Mets Game 52: Win Over Dodgers

Mets 8 Dodgers 4

Someone call the authorities! The New York Mets have been kidnapped, and a collection of hungry independent-league ballplayers are playing in their uniforms!

The Mets hit, they ran, they fielded the ball, they threw the ball … it was like … what’s it called? BASEBALL, at its finest. They scored first, and they tacked on. They gave up a few runs, then answered with some of their own. They hustled down the line on routine grounders. They dove for balls in the infield. They took pitches. They hit the other way. They spoiled pitcher’s pitches. They drove in runners in scoring position with two outs. In short, they had energy and they EXECUTED. I haven’t been this giddy watching the orange and blue since the first week of April 2007.

Oh, and they’re back to .500. That may not seem too special, but considering how things were looking only a few days ago, getting even is a significant milestone.

The turning point in the game came in the bottom of the fourth, when Dodgers catcher Russell Martin interfered with Claudio Vargas’ swing with two outs and no one on. Jose Reyes followed with a single, putting runners on first and second for Luis Castillo, who smacked a double to score both runners and make the score 4-0. David Wright followed with a smash over the wall to extend the lead to 6-0 and bury Brady Penny.

Claudio Vargas threw four good frames, then gave up three runs in the fifth on two homeruns. No biggie, IMHO, as he was working with a six-run lead. I’d much rather see a pitcher with a big lead give up a few homers because he’s throwing strikes, rather than walk people. Vargas stayed through two outs in the sixth, but allowed a double and a walk before yielding to Pedro Feliciano. Pedro Lite failed in his assignment to retire lefthanded hitting James Loney, allowing a single to drive in a run and make the score 6-4. Unbelievably, Willie “Keep the Bench Warm, Rook” Randolph then called on recent callup Carlos Muniz to extinguish the fire. Muniz responded by striking out slugger Matt Kemp to end the inning.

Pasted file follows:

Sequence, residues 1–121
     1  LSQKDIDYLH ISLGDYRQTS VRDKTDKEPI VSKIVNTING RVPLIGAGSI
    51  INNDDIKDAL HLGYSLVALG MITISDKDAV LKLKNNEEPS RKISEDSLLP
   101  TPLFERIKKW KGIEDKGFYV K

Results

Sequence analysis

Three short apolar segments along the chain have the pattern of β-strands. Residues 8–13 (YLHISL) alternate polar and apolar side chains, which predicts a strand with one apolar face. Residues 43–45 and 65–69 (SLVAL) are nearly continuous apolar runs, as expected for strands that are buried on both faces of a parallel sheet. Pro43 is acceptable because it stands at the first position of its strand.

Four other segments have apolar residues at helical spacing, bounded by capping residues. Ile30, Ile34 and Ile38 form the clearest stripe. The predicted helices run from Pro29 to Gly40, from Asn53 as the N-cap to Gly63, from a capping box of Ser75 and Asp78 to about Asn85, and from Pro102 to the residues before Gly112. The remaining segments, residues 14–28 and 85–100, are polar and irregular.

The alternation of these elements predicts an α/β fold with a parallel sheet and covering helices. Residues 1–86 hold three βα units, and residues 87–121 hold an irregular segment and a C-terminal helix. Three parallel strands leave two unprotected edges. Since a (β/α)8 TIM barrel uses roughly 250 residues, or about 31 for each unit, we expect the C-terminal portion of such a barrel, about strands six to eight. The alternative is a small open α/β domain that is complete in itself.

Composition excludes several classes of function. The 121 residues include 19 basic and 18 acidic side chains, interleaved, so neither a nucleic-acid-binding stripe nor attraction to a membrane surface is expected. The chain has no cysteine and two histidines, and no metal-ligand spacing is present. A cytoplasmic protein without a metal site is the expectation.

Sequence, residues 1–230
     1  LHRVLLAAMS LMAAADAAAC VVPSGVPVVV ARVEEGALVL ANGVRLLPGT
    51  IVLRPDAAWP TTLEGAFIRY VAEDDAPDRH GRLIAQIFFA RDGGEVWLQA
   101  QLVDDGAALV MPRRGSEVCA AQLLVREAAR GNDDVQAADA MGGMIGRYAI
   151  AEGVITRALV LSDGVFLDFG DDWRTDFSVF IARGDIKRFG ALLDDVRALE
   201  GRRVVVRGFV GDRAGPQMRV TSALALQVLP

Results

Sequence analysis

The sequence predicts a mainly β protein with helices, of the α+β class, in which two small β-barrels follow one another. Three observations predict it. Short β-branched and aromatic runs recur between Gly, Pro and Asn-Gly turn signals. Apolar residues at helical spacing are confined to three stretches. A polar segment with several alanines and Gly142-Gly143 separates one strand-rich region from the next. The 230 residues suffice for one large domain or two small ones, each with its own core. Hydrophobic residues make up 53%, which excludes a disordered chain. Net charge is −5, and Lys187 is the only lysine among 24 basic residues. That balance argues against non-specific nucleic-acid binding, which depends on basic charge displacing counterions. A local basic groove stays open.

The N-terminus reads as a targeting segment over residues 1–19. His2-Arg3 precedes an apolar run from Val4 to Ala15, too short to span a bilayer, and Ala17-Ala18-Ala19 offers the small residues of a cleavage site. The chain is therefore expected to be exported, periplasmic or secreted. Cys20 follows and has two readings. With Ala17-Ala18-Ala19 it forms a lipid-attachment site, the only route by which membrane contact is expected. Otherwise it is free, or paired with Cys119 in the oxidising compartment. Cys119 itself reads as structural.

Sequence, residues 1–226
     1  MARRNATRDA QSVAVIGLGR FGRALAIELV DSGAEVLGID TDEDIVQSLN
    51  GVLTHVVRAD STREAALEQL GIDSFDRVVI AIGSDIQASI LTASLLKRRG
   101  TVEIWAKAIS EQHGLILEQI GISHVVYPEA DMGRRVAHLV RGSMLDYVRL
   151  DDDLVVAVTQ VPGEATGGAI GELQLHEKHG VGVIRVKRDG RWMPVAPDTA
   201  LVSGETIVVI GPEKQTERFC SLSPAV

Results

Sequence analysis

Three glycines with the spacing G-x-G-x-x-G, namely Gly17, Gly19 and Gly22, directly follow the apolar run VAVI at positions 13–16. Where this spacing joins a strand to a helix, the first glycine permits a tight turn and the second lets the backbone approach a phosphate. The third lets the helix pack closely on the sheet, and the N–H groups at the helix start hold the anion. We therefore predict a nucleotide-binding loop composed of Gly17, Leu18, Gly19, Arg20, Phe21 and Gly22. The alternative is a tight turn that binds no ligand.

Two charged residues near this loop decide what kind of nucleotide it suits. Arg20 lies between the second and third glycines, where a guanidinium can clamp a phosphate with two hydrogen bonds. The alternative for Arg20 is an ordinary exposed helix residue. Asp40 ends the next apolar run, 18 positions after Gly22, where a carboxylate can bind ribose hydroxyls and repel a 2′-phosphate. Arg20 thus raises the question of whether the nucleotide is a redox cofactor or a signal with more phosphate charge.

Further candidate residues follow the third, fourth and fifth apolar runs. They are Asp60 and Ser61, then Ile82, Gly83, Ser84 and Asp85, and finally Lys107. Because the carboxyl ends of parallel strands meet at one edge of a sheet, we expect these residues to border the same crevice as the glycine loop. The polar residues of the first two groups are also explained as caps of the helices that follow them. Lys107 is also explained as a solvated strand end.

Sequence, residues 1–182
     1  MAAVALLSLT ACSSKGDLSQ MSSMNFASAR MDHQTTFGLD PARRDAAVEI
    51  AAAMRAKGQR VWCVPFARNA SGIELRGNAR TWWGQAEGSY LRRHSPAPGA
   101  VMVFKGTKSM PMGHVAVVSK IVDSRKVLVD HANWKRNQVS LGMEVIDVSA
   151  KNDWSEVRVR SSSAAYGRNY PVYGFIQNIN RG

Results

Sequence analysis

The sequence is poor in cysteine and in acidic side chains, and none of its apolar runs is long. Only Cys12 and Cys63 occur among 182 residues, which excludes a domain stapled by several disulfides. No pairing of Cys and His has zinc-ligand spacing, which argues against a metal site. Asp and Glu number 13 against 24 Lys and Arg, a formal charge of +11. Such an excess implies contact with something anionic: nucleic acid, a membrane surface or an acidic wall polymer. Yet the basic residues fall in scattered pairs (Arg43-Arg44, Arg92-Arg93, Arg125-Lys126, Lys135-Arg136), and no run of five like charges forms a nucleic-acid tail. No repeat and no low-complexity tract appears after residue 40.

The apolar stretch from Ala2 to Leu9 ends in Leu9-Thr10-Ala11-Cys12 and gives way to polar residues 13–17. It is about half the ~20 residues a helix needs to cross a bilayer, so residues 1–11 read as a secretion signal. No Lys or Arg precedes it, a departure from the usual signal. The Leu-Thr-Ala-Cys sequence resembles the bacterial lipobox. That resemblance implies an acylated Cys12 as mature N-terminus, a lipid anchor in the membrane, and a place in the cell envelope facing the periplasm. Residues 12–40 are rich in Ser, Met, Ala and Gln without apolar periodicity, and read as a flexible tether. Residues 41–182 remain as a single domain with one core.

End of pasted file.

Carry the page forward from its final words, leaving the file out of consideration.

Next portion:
Scott “Ol’ Reliable” Schoeneweis then did his usual routine — one and two-thirds innings of perfection, expending an efficient 15 pitches in the process. Joe Smith was equally effective, throwing 17 pitches and allowing no runs and only one hit in the last inning and a third, striking out two.

On the offensive side of things, David Wright was the player of the game, driving in four with his tenth and eleventh homeruns of the season. Luis Castillo went 3-for-4 with a walk, a double, an RBI, and two runs scored. The top five hitters in the lineup were a combined 11-for-21 with 7 runs and 5 RBI.


Amazing what a bit of motivation can do to a team. For example, Carlos Delgado. This game was the first time in three years I witnessed dirt on Delgado’s uniform. He dove to make plays not once but TWICE, staining that bright white uni with the orange clay substance covering the Shea infield. Don’t worry, Carlos, it’ll all come out in the wash (Charlie Samuels will Shout! it out). “Dirty” Delgado played the most inspired baseball I’ve seen from him since his Toronto days. Perhaps Willie should make a habit of sitting his big butt on the bench.